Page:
The fox is a major predator of lambs, poultry and goat kids. They play a significant role in the decline of native wildlife, including rock wallabies, numbats and numerous bird species.
Fox activity and population size around your property can be observed and monitored by looking out for evidence of foxes:
- visible sightings—day and night
- missing/dead animals (chickens and stock)
- fox faeces
1080 is the main poison used to control foxes. 1080 use is regulated by the Pesticides Act and Pesticide Control Order that defines the requirements for use. Landholders must have current approved chemical users training to obtain and use 1080. Coordinated local group baiting programs will enhance baiting outcomes.
Trapping can be undertaken with the aid of mesh cage traps, or soft/rubber jawed leg hold traps. Lures can be used to attract foxes.
Pest control order
The NSW Government introduced a Pest Control Order (PCO) for the European Red Fox in 2014. This PCO applies across the State of NSW.
Under this order, Local Land Services can serve individual eradication orders to any owner or occupier of land, requiring them to eradicate the pest using a method specified in the eradication order.
Where a fox is cage or leg-hold trapped as part of a control program and cannot be humanely euthanised on-site, a pest animal movement permit from Local Land Services is required under the Local Land Services Act 2013 to move the declared pest animal to a veterinarian for destruction. The application form can be downloaded here:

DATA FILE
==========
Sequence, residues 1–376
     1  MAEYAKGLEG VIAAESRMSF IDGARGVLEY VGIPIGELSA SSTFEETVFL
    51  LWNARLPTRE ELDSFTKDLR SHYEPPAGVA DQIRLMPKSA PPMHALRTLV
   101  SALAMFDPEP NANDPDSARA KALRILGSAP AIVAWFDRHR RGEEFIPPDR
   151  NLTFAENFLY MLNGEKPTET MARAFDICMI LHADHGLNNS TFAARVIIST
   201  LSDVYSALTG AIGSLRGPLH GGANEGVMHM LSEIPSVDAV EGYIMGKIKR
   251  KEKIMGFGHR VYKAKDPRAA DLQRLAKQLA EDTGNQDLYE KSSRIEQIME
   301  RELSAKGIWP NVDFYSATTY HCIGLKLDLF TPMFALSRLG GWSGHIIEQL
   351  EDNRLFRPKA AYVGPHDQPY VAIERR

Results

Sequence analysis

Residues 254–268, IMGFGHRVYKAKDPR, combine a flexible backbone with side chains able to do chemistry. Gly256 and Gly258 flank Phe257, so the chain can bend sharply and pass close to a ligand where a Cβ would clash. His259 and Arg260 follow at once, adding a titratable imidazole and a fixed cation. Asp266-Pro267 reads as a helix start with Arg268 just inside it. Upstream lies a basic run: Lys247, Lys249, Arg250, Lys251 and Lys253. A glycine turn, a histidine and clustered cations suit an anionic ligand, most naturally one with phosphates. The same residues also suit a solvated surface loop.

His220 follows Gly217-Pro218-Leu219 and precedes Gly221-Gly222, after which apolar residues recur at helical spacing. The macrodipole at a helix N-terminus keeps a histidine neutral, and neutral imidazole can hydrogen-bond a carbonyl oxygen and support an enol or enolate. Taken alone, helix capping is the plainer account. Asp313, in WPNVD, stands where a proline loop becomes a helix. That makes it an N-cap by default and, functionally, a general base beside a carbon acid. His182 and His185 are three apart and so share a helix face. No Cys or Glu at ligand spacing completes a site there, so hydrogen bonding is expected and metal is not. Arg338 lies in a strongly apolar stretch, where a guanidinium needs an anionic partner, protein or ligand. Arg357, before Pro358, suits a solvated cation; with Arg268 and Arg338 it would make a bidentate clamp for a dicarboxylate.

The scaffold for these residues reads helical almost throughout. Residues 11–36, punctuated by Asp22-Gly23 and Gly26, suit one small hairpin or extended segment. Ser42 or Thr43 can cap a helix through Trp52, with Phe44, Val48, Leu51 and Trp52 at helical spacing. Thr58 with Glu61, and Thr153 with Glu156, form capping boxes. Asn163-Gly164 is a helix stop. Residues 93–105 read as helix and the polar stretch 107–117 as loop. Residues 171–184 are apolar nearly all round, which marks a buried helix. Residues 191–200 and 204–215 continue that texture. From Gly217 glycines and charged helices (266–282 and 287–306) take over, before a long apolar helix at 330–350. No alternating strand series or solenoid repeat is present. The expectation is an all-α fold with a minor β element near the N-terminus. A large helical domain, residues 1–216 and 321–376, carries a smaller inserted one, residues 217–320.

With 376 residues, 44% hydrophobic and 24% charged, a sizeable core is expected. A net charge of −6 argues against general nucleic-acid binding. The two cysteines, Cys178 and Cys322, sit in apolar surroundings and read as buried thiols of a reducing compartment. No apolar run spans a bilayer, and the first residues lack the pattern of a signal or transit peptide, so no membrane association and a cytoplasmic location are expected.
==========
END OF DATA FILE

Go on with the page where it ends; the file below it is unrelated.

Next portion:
The PCO does not allow the keeping of newly acquired foxes as pets in captivity.
Captive fox permits
In accordance with the pest control order, foxes can no longer be kept in captivity without a permit, released into the wild or rescued from the wild for adoption or re-homing.
The PCO prohibits new cases of fox ownership or fox husbandry and permits to keep captive foxes are no longer available.
Under the Local Land Services Act 2013, penalties apply for failing to comply with a PCO (50 penalty units or up to $8,500) and failing to register an existing pet fox (20 penalty units or up to $3,400 and removal of any non-permitted animal).